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Steve Savage Publishers Ltd
CoverUnder Brinkie's Brae

George Mackay Brown
sample extract

also by George Mackay Brown:

The First Wash of Spring
Letters from Hamnavoe
Rockpools and Daffodils

about George Mackay Brown:

Interrogation of Silence
isbn 9781904246077 rrp 7.50 paperback 224 pages

For many years George Mackay Brown wrote a weekly column in The Orcadian, and this book is the second of four selections from the column which have been published in book form. Under Brinkie's Brae was published in hardback in 1979, and this is the first paperback edition to appear.

'It would gladden the hearts of bureaucrats the world over,' wrote GMB, 'if the earth took exactly one hundred days to revolve round the sun. But to the everlasting joy of trees, waters, children, animals and artists, the number of days in a year is 365¼. And that can never be tampered with. Also the moon performs her marvellous ballet in 28 days.

'But I wouldn't put it past them to make, some time soon, a ten-month year. What could be more disordered than the present calendar with its twelve months of varying length?...'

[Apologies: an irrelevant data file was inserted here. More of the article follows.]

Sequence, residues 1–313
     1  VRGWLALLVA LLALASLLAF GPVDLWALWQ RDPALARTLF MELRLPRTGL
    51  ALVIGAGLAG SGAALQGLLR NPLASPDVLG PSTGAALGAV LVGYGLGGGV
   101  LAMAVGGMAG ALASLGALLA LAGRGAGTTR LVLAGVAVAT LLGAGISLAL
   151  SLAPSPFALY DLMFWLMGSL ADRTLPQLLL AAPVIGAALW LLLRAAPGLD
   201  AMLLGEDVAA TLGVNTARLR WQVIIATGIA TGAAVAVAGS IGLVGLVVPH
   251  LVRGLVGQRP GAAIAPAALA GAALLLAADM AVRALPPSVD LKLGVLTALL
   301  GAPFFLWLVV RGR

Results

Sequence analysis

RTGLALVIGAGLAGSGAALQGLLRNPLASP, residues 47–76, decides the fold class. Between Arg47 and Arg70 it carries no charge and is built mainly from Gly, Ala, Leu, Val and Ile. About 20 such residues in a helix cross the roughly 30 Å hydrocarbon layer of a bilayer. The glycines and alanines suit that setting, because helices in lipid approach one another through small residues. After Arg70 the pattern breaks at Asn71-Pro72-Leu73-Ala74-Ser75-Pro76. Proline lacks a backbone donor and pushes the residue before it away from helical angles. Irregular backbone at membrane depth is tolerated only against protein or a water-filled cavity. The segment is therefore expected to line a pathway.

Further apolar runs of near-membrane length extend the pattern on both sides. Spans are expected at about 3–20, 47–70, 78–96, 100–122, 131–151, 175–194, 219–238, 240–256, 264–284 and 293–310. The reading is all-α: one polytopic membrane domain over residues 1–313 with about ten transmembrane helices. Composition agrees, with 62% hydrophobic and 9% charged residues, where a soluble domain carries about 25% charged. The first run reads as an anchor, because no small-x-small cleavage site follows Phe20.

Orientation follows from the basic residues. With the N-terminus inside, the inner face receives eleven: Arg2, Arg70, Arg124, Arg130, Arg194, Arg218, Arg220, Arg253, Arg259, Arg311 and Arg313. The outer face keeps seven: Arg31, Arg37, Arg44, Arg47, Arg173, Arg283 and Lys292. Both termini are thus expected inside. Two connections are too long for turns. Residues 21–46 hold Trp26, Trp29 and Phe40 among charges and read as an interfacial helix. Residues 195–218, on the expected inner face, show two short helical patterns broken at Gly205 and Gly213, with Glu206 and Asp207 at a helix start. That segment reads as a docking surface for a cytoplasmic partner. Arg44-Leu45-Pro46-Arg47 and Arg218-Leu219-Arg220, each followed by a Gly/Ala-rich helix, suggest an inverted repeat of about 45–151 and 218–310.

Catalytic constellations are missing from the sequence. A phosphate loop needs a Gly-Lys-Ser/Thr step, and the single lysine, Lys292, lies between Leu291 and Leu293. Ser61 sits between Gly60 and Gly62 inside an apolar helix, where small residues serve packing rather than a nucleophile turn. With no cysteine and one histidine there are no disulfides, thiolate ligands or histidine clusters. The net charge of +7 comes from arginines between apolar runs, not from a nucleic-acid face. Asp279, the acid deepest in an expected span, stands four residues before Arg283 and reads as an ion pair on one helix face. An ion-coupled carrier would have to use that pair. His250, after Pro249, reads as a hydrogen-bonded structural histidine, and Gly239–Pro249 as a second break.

These selections from George Mackay Brown's long-running column offer more of his honest opinions, perceptive descriptions and evocative writing. Managing to be both matter-of-fact and highly individual, they are a breath of fresh air from Orkney.

 

George Mackay Brown was born in Stromness in 1921. He was at Newbattle Abbey College when Edwin Muir was Warden. He read English at Edinburgh and did post-graduate work on Gerard Manley Hopkins. He was known for his poetry, short stories, plays and novels, and won many prizes including in 1987 the James Tait Black prize for his novel The Golden Bird. He died in 1996.

'The delight lies in the sheer spontaneity of the exercise; the not knowing what will come next ... these disparate musings are yoked gently together by the sheer craftsmanship of the writer, over whose plainest pronouncements there is a wash of lyricism, insistent and muted as the sea. They are united too by their Orcadian themes, which turn out to be universal. Like Hardy or Faulkner or Burns, Mackay Brown illustrates the truth that you don't achieve universality by tearing up your roots and stamping on your sources.'
-- Christopher Rush, Slightly Foxed